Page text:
Early next morning, I left for Dhanushkodi along with a Malayali family that stayed in the same hotel as mine. They were a family of five; father, mother, son, daughter-in-law and a grandson. I didn’t want to hire a separate vehicle only for myself, so I had requested the hotel receptionist to make Dhanushkodi trip arrangements for me along with a family who would willingly accommodate me. This family, unlike random strangers, was not pestering and didn’t ask me any personal question like how many children my parents have, whether I live in rented house or own house and so on. They didn’t even ask me why I was travelling alone! I was just happy to take this short trip along with them. The government is making a proper road to the tip of Dhanushkodi and will be completed by sometime in the year 2016. So as of now, tourists have to hire jeeps to visit the Ghost Town. Drivers of these jeeps know their way through the shallow waters by the shore, so it is better you hire them than experiment on your own.
Once prosperous town situated at the South-Easter part of India, Dhanushkodi was destroyed by a cyclone beyond repair. Not much could thrive on these shores later and since then has been called a Ghost Town. But it is not totally abandoned as locals are trying to make money from the tourists. How? By building a random temple there too. The main attraction here is the broken railway tracks. Just kidding! The glamour of this town is the ruins of an old church which is hauntingly beautiful. You won’t feel like moving away from it.
Apart from this, you will also see a floating stone that is supposedly used in the making of legendary Ram Sethu that once connected India with Sri Lanka. Feel free to read Ramayan to know more. This floating stone is caged in a sufficiently big container. So, you can poke it and see for yourself that it simply won’t drown.
After roaming around in the vicinity, we drove back towards Rameshwaram. On the way, our driver stopped at yet another temple. At the sea in front of this temple, people were performing rituals to a block of stone fixed inside the waters. When I asked one of the devotees what was the speciality of this particular worshipping place, she said this is the place where Ram Sethu was built. I was shocked! I mean, how stupid can people be to believe and spread such things? Ram Sethu is at the tip of Dhanushkodi. These people were blindly praying a random stone. Thankfully, our driver called out to us to leave and I left that female without giving a piece of my mind.
After returning to the town of Rameshwaram, I went to the Ramanathaswamy temple. I didn’t have a pleasant experience from here. I can say that. It was raining by then and roads were waterlogged. You can’t see where you are stepping. Local authorities have made this pilgrim place a disappointment. When you make a rule that you cannot wear footwear into the temple, then you should arrange for a place where devotees and tourists can leave their footwear till they come out of the temple. The government should develop this historical place which also has mythological importance if it wants to keep the local economy thriving. It is not only the outsides of the temple but also the insides. There are 22 holy wells from which temple-appointed people draw water and pour on people who go and stand in front of them. These drenched people leave a water trail wherever they go within the temple and make the whole premises wet and muddy. All these 22 wells are not in an order, so you will find people lost looking for the next temple. Securities there are also not much helpful. The chaos inside the temple, which is supposed to be a holy peaceful place, takes a toll on you. At least, it took a toll on me. I left the temple immediately without bothering to see the god. I was fed up of the place.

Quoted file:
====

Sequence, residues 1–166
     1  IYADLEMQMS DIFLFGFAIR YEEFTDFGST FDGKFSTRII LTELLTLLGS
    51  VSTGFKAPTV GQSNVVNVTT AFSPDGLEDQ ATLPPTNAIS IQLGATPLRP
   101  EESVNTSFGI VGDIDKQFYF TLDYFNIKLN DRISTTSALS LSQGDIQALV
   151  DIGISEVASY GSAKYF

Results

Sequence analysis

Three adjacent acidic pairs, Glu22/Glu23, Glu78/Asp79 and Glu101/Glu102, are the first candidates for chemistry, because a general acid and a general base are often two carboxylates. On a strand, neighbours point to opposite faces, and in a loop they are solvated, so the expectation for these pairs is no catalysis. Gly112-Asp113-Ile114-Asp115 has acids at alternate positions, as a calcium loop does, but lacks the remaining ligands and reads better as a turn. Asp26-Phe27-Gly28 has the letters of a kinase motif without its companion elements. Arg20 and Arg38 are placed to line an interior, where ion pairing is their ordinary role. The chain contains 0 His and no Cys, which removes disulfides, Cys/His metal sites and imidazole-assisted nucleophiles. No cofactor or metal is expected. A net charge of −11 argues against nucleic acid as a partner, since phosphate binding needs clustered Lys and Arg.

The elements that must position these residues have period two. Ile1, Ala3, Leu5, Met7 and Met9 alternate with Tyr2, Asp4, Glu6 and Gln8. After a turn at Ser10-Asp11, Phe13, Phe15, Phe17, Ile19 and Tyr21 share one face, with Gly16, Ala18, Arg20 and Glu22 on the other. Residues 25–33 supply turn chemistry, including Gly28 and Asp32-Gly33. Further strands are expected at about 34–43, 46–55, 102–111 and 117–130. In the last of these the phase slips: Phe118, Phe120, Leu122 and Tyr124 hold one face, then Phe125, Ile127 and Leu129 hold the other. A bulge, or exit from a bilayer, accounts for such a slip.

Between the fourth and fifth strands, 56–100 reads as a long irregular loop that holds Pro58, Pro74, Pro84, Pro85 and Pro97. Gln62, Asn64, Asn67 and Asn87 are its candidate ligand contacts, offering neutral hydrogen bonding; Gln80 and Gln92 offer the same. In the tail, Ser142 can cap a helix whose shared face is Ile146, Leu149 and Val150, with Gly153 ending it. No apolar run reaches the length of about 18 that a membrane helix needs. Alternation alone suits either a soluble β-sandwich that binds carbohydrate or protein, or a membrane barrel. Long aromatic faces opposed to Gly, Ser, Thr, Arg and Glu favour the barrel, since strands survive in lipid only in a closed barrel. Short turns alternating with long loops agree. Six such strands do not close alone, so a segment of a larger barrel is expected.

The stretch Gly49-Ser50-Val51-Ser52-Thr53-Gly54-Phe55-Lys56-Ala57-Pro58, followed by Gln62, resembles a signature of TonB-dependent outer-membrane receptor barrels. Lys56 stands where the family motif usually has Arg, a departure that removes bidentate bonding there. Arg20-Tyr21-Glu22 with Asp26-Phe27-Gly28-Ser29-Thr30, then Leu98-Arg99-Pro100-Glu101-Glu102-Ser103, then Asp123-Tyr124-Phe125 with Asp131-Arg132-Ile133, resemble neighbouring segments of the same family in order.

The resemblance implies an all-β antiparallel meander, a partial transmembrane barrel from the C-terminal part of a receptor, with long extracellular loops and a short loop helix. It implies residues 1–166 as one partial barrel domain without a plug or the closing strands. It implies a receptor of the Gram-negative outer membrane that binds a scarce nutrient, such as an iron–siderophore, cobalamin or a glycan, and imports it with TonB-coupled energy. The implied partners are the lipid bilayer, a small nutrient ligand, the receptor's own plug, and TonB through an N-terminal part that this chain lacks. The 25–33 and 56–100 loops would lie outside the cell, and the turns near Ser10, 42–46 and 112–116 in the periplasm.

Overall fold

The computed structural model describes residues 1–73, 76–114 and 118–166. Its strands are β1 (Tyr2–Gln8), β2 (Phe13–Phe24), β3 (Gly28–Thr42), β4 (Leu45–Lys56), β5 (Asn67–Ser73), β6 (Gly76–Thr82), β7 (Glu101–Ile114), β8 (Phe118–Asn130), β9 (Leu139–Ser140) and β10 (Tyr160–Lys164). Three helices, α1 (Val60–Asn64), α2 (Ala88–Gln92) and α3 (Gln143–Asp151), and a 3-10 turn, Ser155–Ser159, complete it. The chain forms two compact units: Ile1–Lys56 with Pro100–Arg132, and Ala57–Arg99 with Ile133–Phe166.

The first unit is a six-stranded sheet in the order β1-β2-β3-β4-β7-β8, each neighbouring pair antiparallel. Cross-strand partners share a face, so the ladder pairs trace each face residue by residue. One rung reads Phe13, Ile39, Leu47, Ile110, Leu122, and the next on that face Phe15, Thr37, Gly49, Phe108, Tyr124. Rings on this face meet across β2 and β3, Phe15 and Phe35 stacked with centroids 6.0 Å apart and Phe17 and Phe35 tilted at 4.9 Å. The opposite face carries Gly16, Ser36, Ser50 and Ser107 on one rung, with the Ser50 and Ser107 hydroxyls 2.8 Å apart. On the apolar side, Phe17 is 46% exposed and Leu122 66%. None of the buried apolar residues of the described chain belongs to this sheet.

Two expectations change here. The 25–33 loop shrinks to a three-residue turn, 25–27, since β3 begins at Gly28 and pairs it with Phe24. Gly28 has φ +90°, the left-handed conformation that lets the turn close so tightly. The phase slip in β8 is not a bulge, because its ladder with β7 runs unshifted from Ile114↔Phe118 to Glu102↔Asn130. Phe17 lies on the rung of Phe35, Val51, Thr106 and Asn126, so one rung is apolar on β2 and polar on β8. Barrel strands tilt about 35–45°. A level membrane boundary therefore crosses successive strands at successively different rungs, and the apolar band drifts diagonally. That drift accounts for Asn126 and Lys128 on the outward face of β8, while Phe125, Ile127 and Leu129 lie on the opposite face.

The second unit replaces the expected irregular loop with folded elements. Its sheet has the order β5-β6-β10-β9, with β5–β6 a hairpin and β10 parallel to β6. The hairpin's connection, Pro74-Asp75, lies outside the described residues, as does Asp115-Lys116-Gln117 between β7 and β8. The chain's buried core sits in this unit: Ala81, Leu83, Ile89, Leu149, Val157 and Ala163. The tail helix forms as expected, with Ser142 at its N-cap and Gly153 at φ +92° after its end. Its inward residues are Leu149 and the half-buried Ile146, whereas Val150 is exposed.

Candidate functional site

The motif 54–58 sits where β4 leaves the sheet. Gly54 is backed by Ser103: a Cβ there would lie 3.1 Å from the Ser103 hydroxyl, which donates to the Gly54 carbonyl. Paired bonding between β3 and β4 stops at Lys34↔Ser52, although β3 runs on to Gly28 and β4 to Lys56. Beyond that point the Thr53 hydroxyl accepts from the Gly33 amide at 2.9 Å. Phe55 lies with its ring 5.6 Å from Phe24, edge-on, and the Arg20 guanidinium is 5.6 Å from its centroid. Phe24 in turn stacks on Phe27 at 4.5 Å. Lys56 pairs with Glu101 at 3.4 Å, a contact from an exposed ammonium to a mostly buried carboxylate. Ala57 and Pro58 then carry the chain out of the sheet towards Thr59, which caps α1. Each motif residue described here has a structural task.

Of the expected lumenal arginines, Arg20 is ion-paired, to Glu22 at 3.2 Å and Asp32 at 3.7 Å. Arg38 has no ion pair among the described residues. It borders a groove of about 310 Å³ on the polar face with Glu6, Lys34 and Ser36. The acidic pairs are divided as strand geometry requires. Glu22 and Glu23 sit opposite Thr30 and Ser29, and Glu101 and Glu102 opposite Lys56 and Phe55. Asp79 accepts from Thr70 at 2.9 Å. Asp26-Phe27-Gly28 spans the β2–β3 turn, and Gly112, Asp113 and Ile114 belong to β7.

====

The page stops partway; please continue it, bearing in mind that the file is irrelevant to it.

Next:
I went back to my hotel room, rested there for a long time. When time was up, I checked out of my room and went to have lunch at Daiwik hotel. They had a vegetarian buffet spread for only Rs.500 and was about to close at 3 pm. I went in at 2:55 pm. Once inside, they wouldn’t throw me out before I finished my lunch, so I ate slowly and peacefully. Just a few metres away from this hotel is the main bus stop of Rameshwaram. After lunch, I went there and spent my time listening to music till the clock struck 6 pm. My bus to Bangalore came. I caught a last glimpse of the view from the Pamban Bridge and again slept early.
Before I tell you where I stayed, I would like to tell you it is not easy to find a hotel room for a single female traveller. Whatever maybe the reason, it seems like these hotel owners would rather leave a woman looking for a place to stay on the roads than give a room in their premises. I was lucky enough to find a place to stay after too many calls from Bangalore to Kanyakumari and Rameshwaram. In Kanyakumari, I stayed at Ferdin Homestay which you will find on your left-hand side when you walk up the lane from Gandhi Mandapam. The hotel is clean and cosy. Since I am not finding its website link, I will be sharing its manager, Mr. P George’s contact number here. His number is +919865823026. In Rameshwaram, I stayed at Hotel Harish. This is again a neat and comfortable. Both the hotels are single-women-friendly.
This whole trip did not cost me much. Train and sleeper bus tickets together cost about Rs.2500. It all depends on your comfort level. I need to stretch my legs and sleep well even while travelling. If you are fine with sitting and travelling and sleeping, then you can opt accordingly and that will cost you lesser than what I have mentioned. The hotel rooms where I stayed were of the “affordable” range since I couldn’t get TNSTDC rooms; 12 pm check in to 12 pm check out type and were about Rs.1200 each for 24 hours. Since the choice of food is up to you, the food cost also depends on you. For me, it didn’t go more than Rs.300 per day. Including entry fee, ferry fee and misc expenses, my total trip cost didn’t go beyond Rs.6000/-.
About the travel, I booked train and bus tickets as soon as bookings opened. Prior planning as always good as long as you don’t intend to hitchhike. You can always change your plans about which place to see after reaching the destination, but you need a destination to begin with.